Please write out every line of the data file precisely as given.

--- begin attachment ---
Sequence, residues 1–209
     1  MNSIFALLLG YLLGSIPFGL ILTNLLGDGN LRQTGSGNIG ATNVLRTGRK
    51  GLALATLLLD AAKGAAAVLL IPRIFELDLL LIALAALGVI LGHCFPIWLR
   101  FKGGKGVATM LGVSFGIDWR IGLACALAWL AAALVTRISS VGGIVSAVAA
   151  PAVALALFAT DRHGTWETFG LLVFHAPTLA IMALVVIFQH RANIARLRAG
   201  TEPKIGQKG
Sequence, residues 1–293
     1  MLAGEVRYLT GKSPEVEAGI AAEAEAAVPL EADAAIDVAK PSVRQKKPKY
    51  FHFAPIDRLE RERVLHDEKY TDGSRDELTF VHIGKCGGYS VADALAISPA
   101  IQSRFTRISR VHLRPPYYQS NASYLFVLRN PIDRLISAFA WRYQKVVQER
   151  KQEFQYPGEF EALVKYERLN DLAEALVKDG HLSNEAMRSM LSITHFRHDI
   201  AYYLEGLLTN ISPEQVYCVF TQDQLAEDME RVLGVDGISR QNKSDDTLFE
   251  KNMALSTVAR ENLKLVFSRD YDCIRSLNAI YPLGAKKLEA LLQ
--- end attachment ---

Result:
Sequence, residues 1–209
     1  MNSIFALLLG YLLGSIPFGL ILTNLLGDGN LRQTGSGNIG ATNVLRTGRK
    51  GLALATLLLD AAKGAAAVLL IPRIFELDLL LIALAALGVI LGHCFPIWLR
   101  FKGGKGVATM LGVSFGIDWR IGLACALAWL AAALVTRISS VGGIVSAVAA
   151  PAVALALFAT DRHGTWETFG LLVFHAPTLA IMALVVIFQH RANIARLRAG
   201  TEPKIGQKG
Sequence, residues 1–293
     1  MLAGEVRYLT GKSPEVEAGI AAEAEAAVPL EADAAIDVAK PSVRQKKPKY
    51  FHFAPIDRLE RERVLHDEKY TDGSRDELTF VHIGKCGGYS VADALAISPA
   101  IQSRFTRISR VHLRPPYYQS NASYLFVLRN PIDRLISAFA WRYQKVVQER
   151  KQEFQYPGEF EALVKYERLN DLAEALVKDG HLSNEAMRSM LSITHFRHDI
   201  AYYLEGLLTN ISPEQVYCVF TQDQLAEDME RVLGVDGISR QNKSDDTLFE
   251  KNMALSTVAR ENLKLVFSRD YDCIRSLNAI YPLGAKKLEA LLQ